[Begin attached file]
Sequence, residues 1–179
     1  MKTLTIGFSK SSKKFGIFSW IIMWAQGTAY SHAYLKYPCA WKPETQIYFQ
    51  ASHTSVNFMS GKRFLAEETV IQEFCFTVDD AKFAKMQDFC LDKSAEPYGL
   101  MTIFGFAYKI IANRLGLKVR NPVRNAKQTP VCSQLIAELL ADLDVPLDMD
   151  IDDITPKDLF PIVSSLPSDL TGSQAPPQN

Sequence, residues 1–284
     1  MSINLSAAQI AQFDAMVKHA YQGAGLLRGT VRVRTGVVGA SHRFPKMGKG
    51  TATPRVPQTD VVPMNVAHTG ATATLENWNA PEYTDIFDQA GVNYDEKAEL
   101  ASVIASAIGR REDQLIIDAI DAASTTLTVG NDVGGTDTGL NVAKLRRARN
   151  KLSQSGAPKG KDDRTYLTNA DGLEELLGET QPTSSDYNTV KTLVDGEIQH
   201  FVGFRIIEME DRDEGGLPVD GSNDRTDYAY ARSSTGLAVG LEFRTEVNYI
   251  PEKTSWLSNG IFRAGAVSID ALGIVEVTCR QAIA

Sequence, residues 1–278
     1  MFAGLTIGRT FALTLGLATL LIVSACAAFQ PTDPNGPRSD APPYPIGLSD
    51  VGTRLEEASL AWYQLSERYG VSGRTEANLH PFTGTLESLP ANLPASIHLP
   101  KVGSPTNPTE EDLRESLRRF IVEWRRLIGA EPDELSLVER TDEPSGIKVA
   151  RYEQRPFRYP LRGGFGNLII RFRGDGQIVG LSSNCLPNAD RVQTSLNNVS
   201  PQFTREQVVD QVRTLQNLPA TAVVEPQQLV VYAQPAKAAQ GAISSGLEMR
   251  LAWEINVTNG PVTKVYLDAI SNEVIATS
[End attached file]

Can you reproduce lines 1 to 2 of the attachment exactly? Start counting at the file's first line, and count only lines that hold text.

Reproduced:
Sequence, residues 1–179
     1  MKTLTIGFSK SSKKFGIFSW IIMWAQGTAY SHAYLKYPCA WKPETQIYFQ